2.2. Other early discoveries

As pointed out in the introduction, moving groups have been studied for many years, but definitively determining their origins is not easy. As a consequence, finding halo streams in the solar neighbourhood can be a precarious venture. Over-densities, as their name suggests, can only be identified as an excess on top of a background population. However, in this case the background population in question (the Milky Way disk) is far from a simple homogeneous population; lumps and gradients can often masquerade as coherent structures and so great care has to be taken in their classification. This problem has afflicted many potential stream discoveries and, as can be seen in this chapter, ambiguities still remain for a number of these.

Various streams, such as Hyades-Pleiades, Hercules and Arcturus, are believed to be Milky Way stars brought together by resonances in the disk (as mentioned in the introduction to this chapter). Originally identified by Eggen (see his 1996 review), the broad metallicity or age spread of these three streams argues against disruption of a disk star cluster as the origin, and abundance patterns similar to disk stars disfavours the extragalactic scenario, hence the conclusion of a dynamical origin (e.g. Famaey et al., 2008, Bovy & Hogg, 2010, Fuchs & Dettbarn, 2011). Some of these are more controversial than others; the Arcturus stream has generated much debate (e.g. Navarro et al., 2004), but more-recent analyses have shown that the narrow velocity dispersion (Bovy et al., 2009) and chemical inhomogeneity (Williams et al., 2009, Bensby et al., 2014) favor a dynamical origin. Making definitive claims about the origins of such systems is not easy.

Another stream that has been studied extensively is the Kapteyn moving group, again named by Eggen. The name comes from the fact that the velocities of this group are similar to that of Kapteyn's star, which is a well-known very high proper motion star only 4 pc away from the Sun. This group is on a mildly retro-grade orbit, moving at around -50 km/s.

Quite early it was speculated that this retro-grade group might be related to the globular cluster Omega Cen (e.g. Eggen, 1978), which is on a similar orbit. This cluster is interesting as it appears to possess a broad spread in both chemistry and age, indicating that it could be the core of a disrupted dwarf galaxy (Lee et al., 1999). This might suggest that this retrograde moving group is in fact the stripped remnants of the galaxy. A number of works have pursued this hypothesis (see Majewski et al. 2012 for a nice overview of the current situation), including a detailed spectroscopic analysis of 16 stars by Wylie-de Boer et al. (2010). This latter reference confirms the similarity in chemistry between the cluster and the moving group, but provocatively questions whether the group may in fact be material stripped from the host galaxy of Omega Cen as it was disrupted. The reason is that one would need a significant amount of dynamical friction to bring the system onto its current orbit, something which would not be possible for an object as small as Omega Cen. However, the authors acknowledge that their hypothesis is currently unproven; if they are correct that Omega Cen and the Kapteyn moving group do not originate in the same dwarf galaxy progenitor, then why the close similarity in chemistry and why the age spread in the cluster? Clearly more work needs to be done to address this question and fully understand the connection, especially given that a large fraction of the inner halo could belong to this moving group (see, for example, Majewski et al. 2012; Fig. 3) and hence it could have played a significant role in the early development of our galaxy.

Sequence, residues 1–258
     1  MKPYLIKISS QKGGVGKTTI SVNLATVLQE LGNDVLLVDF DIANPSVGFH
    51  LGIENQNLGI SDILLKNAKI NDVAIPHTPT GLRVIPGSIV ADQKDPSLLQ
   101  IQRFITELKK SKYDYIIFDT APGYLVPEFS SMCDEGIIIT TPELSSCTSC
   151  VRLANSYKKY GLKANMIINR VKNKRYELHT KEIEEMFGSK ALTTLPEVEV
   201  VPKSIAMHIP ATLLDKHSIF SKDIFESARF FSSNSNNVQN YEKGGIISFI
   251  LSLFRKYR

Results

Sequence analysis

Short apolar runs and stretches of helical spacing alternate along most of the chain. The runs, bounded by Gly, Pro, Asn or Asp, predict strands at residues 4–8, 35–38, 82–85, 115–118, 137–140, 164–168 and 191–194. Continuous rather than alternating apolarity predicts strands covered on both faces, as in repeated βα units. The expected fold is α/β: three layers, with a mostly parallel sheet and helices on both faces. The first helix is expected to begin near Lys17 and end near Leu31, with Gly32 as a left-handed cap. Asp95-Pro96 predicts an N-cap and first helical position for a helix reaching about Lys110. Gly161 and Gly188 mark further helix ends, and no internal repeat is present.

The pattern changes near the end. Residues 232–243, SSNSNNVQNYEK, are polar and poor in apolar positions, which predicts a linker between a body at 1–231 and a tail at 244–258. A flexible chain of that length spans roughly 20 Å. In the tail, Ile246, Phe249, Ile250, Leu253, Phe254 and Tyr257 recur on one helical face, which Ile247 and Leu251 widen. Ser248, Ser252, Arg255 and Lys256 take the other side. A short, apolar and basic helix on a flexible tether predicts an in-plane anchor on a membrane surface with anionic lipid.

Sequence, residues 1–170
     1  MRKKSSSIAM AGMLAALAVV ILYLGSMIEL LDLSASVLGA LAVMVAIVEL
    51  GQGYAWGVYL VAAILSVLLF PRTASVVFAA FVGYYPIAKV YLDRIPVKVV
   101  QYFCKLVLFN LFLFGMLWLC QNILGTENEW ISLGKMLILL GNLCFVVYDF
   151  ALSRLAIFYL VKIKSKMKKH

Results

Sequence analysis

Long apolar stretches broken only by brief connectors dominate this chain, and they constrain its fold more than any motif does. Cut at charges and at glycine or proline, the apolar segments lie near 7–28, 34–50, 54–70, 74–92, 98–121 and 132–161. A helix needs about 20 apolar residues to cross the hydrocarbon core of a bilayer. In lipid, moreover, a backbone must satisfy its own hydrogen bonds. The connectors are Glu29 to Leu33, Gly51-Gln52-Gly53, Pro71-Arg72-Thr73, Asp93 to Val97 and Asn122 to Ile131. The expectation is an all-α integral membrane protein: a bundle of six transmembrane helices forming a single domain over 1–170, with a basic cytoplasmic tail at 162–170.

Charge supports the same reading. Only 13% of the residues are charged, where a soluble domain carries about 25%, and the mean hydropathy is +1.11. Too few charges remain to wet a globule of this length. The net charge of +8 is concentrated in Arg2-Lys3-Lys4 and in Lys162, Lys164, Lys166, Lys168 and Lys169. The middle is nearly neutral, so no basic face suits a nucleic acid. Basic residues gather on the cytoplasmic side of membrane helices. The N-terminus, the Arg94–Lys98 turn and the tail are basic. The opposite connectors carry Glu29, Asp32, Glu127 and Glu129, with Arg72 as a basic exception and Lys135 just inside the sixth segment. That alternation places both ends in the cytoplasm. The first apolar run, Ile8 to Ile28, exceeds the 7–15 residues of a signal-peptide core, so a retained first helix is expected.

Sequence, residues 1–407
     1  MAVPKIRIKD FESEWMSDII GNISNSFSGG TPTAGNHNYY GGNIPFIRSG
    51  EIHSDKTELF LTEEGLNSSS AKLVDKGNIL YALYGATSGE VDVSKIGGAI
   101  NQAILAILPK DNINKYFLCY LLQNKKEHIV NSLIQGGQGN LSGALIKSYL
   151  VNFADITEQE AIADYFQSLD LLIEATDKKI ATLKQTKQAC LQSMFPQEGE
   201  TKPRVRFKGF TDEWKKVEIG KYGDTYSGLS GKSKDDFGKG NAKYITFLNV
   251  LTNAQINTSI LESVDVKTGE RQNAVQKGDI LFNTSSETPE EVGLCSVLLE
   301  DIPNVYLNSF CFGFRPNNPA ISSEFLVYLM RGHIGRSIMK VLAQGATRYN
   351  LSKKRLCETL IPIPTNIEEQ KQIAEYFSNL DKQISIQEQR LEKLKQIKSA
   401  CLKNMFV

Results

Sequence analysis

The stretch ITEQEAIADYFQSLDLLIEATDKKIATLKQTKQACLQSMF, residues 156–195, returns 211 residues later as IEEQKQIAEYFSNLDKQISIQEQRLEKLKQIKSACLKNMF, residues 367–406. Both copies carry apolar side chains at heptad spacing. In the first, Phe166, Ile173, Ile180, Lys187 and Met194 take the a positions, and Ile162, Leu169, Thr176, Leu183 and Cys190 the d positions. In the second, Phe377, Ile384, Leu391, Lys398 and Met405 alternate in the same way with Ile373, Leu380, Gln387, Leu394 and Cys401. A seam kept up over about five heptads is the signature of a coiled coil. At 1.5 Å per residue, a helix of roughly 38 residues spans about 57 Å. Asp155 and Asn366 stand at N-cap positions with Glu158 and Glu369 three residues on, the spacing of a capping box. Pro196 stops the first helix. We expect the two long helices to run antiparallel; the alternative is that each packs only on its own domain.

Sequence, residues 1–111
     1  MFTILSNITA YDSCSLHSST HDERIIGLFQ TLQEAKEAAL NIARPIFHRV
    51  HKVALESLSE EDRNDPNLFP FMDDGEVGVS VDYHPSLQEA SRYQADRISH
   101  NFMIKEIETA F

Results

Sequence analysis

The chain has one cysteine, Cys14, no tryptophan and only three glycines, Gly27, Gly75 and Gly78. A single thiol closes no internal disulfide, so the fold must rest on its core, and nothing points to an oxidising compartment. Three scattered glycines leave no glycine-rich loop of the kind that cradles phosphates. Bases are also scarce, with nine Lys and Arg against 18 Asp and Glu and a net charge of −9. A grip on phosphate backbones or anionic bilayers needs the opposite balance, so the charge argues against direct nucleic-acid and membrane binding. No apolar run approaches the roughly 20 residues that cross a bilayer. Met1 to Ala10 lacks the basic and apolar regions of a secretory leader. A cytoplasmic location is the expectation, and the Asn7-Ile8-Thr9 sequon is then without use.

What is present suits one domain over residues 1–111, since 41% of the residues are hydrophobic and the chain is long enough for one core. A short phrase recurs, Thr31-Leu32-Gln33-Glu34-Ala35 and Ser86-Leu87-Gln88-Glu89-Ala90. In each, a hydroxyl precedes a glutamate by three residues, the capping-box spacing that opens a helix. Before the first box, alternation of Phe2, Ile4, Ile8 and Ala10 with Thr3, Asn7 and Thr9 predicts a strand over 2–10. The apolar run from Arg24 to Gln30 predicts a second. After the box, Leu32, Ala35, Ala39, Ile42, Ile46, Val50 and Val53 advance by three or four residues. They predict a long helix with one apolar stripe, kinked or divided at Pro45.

Figure 3

Figure 3. Top panel: The distribution of [Ba/Fe] vs [Fe/H] for Milky Way stars (blue points) and a characteristic locus (blue line), overlaid with the same for ωCen stars (magenta points and line), where data for both are taken from the literature. Bottom panel: the distribution of barium abundances for 10 stars in the retrograde kinematic stream discussed in Majewski et al. (2012; red), plus two retrograde stars not in the stream (blue). This retrograde stream is similar to the Kapteyn stream and is potentially associated to Omega Cen, a hypothesis which is supported by the close similarity in chemistry between the cluster stars in the top panel and the stream stars in the bottom. Taken from Majewski et al. 2012.

2.3. Streams in the Geneva-Copenhagen survey

2.3.1. Pieces of the puzzle

Although Hipparcos was (and still is) clearly a hugely important resource for studying the kinematics of stars in the solar neighbourhood, it was hampered by a lack of radial velocities. What was needed was a systematic survey of radial velocities, providing a sample with a well-defined selection function. The Geneva-Copenhagen survey (Nordström et al., 2004, Holmberg et al., 2007, Holmberg et al., 2009, Casagrande et al., 2011) produced radial velocities and metallicities for 13,000 nearby stars. Combining these with proper motions and (for the majority of stars) distances from the Hipparcos mission, resulted in a complete sample of F- and G-type dwarfs within 40 pc and a larger, magnitude-limited sample to around 200 pc. Although this is a relatively local sample compared to the one analysed in Helmi's 1999 study, and contains only a handful of halo stars, the accurate 6D phase-space information allows a detailed analysis of the orbital properties of the stars.